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Edward G. Robinson
Jim Hawkins and Wahoo Jones are stagecoach robbers who head to Texas to find Sam McGee, their partner. Once there, low on funds, they join the Texas Rangers, come across Sam, and decide to run their game by sending Sam inside information. Meanwhile, though, in pacifying rebellious Indians, Jim and Wahoo start to take on the code of the Rangers, and the daughter of the Ranger's major sets her sights on Jim. Can there be honor among thieves, or are Jim, Wahoo, and Sam on a collision course? As a lawless frontier becomes a civilized land, which side will the boys chose? Written by
One of over 700 Paramount Productions, filmed between 1929 and 1949, which were sold to MCA/Universal in 1958 for television distribution, and have been owned and controlled by Universal ever since. Its earliest documented telecasts took place in Pittsburgh Wednesday 8 July 1959 on KDKA (Channel 2), followed by Omaha 23 July 1959 on KETV (Channel 7), by Phoenix 16 August 1959 on WLOS (Channel 12), by Milwaukee 16 October 1959 on WITI (Channel 6), by Toledo 29 October 1959 on WTOL (Channel 11), by Seattle 27 November 1959 on KIRO (Channel 7), and, finally, by New York City 25 December 1959 on WCBS (Channel 2). It was released on DVD 8 May 2007 as one of 4 titles in Universal's Classic Western Roundup Volume 1, and, since that time has also enjoyed several airings on cable TV on the Western Channel. See more »
Hawkins and the other Rangers are surrounded by Indians. He kills the 2 Indians rolling rocks, throwing his empty pistol at one. As he descends the other side, he mounts a bareback horse, riding off shooting a pistol that shouldn't be there as he rides away. See more »
[to Sam McGee during the climatic gunfight]
Sam, either you come out with your hands up, or I'm comin' in there after ya!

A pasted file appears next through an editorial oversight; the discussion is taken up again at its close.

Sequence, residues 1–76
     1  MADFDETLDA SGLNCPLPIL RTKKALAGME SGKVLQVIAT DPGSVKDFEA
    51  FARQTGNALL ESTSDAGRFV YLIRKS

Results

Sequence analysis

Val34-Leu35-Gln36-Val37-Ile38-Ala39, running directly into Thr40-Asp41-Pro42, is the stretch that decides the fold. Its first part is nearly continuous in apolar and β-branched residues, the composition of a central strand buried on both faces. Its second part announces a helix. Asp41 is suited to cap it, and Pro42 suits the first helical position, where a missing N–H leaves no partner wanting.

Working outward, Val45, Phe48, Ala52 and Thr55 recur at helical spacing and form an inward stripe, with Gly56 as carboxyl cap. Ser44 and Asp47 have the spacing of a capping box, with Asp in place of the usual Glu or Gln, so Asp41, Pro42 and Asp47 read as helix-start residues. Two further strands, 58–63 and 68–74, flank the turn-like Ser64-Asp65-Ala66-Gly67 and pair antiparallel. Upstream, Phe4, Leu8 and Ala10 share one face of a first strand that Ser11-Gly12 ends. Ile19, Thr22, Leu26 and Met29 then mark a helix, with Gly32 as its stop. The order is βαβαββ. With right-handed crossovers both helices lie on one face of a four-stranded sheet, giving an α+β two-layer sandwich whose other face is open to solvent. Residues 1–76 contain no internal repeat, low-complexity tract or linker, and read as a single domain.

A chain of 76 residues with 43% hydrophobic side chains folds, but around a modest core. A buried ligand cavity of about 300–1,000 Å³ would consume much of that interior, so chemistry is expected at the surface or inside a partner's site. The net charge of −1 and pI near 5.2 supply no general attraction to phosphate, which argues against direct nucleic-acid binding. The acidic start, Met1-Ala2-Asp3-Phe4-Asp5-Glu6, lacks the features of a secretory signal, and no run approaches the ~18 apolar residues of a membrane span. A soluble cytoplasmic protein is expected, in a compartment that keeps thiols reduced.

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In the mid-thirties the Western genre was very much in decline. After the introduction of sound in the movies the big studios and the stars of Hollywood almost showed no interest in the genre leaving it up to the independent companies and the B-stars. In 1939 this would change dramatically with the release of Stagecoach and a handful other classics and for many years the Western would feature the big stars of the screen and all the great directors of Hollywood. The Texas Rangers is shot a couple of years before the revival of the genre. King Vidor decided it was a good idea to make a movie to celebrate the centennial of the state of Texas. And what other way to celebrate this fact than to concentrate on the Texas Rangers, the mix of army and police force that became legendary during the formation years of the state.
The movie shows Texas as a modern Garden of Eden where hard working people tried to build up an ideal society and are impeded by the original residents (the Injuns) and villains. The solution is very simple: the Indians are tucked away in reservations (the least habitable regions) and the villains have the choice to became good citizens or been wiped out by the force of law. Sounds this a bit familiar? Wipe out all the undesirable elements in the society to create the ideal situation? Well it happened in a lot more countries in the period this movie was made. It wasn't till the seventies that another opinion on the treatment of the Indians penetrated Hollywood.